Aside the fact that fossil fuels are exhaustible, their combustion also has immense adverse effect on the climate with (GHG) emissions, capable of bringing the world to an abrupt end.  Already, the cost of renewable energy is dropping across several countries, as at 2014, new wind power was cheaper than new coal and gas power in Australia, China and the United States (Sussams, et al 2015). Electricity from roof-top photovoltaic systems is also cheaper than grid supply in many countries and places across the world. (Chen 2014).

Being naturally replenishing resources, the place of renewable energy in the global energy mix is sacrosanct, and tireless effort is required in a bid to perhaps completely transition from fossil fuels to renewable sources of energy.

As the most populous country in Africa – a mineral rich continent – it is poignant to reflect of on the issues affecting the energy industry and the role of renewable energy technology for Nigeria. With renewable electricity as focus, the challenges of its deployment, as well as a review of existing commercial risks and policy instruments that could enhance the growth of industry are discussed in this article, with strategic recommendations proffered by comparing tested risk mitigation approaches and solutions that have been successful in other Countries across the globe.

 COUNTRY BACKGROUND AND ENERGY CONCERNS

Nigeria is situated in western Africa, with a Population of 182 million people mostly rural, and an annual growth rate of 3.5 % (NPC 2016) .

Nigeria’s economy is fossil fuel dominated. With the largest proven Gas reserves in the continent (OPEC 2016), about 40% of its national GDP, over 80% of government’s revenue and over 90% of Nigeria’s foreign earnings come from crude oil related activities. It is highly vulnerable to negative impacts of climate change along its large coastal territories, such as, degradation of agricultural lands, desert encroachment, depleting water resources and low agricultural output among others (Nigeria and Climate Change: Road to COP15).  If the current trend is unabated, the long-term impact will be catastrophic for the future of the country. (Akuru U.B., et al 2015)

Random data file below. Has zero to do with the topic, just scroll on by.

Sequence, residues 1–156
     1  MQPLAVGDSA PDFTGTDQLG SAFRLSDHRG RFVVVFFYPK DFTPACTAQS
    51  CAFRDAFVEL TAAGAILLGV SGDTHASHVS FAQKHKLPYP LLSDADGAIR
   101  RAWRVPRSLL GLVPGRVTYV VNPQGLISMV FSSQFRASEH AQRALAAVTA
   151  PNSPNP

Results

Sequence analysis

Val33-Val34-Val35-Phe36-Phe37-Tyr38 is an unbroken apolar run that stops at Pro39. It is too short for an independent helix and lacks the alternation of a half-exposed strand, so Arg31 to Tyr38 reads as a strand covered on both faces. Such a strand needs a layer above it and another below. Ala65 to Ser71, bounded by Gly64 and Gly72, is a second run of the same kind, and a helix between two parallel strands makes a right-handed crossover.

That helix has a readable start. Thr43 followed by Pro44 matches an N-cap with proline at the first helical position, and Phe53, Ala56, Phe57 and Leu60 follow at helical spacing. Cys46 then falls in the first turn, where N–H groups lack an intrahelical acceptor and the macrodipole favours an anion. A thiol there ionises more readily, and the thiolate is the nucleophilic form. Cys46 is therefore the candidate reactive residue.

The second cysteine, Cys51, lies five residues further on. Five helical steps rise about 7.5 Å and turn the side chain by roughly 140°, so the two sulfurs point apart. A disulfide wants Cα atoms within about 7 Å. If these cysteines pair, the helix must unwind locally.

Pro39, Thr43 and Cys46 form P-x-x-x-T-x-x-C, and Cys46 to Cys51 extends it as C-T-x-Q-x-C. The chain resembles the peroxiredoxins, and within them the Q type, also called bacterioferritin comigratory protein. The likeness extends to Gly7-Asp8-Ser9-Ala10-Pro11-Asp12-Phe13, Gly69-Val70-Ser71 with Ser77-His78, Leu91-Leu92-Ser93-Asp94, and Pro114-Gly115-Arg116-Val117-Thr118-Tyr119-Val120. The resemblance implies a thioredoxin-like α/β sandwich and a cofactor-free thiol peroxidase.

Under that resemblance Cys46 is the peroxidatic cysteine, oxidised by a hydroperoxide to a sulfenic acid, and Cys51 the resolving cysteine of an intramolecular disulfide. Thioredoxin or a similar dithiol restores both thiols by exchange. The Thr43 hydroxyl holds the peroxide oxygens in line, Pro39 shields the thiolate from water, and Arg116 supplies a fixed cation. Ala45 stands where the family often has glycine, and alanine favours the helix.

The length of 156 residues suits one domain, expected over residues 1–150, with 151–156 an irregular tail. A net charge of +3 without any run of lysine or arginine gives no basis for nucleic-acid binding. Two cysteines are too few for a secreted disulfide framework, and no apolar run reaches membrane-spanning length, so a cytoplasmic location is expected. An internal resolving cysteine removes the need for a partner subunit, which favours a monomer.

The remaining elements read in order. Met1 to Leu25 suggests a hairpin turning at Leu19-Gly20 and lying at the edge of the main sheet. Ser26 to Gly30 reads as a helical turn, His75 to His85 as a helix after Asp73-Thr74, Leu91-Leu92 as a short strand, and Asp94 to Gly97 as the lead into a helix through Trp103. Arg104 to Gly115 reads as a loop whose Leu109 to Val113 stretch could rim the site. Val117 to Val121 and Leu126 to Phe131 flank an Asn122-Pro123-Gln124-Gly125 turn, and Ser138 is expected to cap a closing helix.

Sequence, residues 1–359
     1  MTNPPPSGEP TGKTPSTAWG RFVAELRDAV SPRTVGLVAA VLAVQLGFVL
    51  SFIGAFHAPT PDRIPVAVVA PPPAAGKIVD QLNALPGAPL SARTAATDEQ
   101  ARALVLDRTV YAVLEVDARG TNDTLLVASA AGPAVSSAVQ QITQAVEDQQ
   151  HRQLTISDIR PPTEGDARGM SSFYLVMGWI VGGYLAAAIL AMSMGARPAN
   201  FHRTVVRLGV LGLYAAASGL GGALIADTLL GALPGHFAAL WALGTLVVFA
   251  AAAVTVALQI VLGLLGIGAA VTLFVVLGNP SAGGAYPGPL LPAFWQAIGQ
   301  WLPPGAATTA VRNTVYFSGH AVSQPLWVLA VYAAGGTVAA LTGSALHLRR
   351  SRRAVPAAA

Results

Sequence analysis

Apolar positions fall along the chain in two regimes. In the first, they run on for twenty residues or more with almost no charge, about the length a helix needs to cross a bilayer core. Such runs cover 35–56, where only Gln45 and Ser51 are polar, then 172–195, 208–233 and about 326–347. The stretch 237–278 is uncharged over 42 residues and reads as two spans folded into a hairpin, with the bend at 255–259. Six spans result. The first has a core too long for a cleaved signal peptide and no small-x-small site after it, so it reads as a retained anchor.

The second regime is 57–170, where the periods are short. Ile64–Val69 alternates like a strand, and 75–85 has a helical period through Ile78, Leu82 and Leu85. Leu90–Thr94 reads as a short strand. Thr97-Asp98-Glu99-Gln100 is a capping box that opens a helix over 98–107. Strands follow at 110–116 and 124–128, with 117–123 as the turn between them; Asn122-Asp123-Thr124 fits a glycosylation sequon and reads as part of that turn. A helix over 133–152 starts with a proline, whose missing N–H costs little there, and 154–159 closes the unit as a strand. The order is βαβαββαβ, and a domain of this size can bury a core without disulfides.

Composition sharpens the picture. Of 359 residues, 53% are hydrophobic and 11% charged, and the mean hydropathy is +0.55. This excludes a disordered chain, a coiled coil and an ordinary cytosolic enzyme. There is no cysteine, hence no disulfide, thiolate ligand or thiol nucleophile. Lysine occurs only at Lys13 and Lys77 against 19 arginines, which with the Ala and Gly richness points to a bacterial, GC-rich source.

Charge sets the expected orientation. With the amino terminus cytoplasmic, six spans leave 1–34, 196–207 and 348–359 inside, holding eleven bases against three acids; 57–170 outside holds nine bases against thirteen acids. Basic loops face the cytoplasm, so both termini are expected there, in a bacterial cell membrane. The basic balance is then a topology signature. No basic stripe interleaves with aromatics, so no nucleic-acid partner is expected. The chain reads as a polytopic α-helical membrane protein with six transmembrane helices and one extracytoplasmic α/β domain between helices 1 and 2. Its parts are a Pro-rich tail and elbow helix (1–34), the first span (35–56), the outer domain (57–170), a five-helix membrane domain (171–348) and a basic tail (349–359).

Nigeria’s Energy Mix

Nigeria has wide range of energy sources. Amidst inefficient energy conversion processes, leading to significant losses, and the fact that most primary fuels are exported for government revenues, creates a huge shortfall for local consumption, Nigeria paradoxically imports the fossil-fuel products it currently uses, despite being a leading oil and liquid natural gas producer.

 Energy Production

Nigeria’s energy production in 2014 was 260.02 Mtoe (IEA 2014b). Around 80.7% of that was from biofuels and waste, while natural gas was 8.3%, oil  8.3%, and hydropower and other renewables had a significantly smaller share of about 0.3%. Most of the Oil and Gas produced are exported, as well as with a portion of the Hydro generation under long term agreements schemes, while the Biofuels/Waste energy generation are  mostly from local wood harvested in rural areas.

 Energy Consumption

Nigeria’s Energy Consumption was 116.5 Mtoe for same period, (IEA 2014b), with about 85.3 % of this coming from Biofuels and Waste and shown in Figure 2.1 below.

Nigeria's Total Energy Consumption By Resources 2014

The  predominant proportion of biofuels and waste in Figure 1.2 can only be explained as use for cooking purposes, given that about 69.8% of much of Nigerian’s population depends on fuel wood for domestic and cottage industry purposes. This use of biofuels also accounts for the single largest factor for the change in the country’s vegetation and the increased desertification (ANFP 2006), the situation is compounded by the predominant use of inefficient cooking methods, based largely on open fire with obviously low thermal efficiency and associated smoke related ailments, especially among women and children. This further prompts the need for other forms of renewable energy.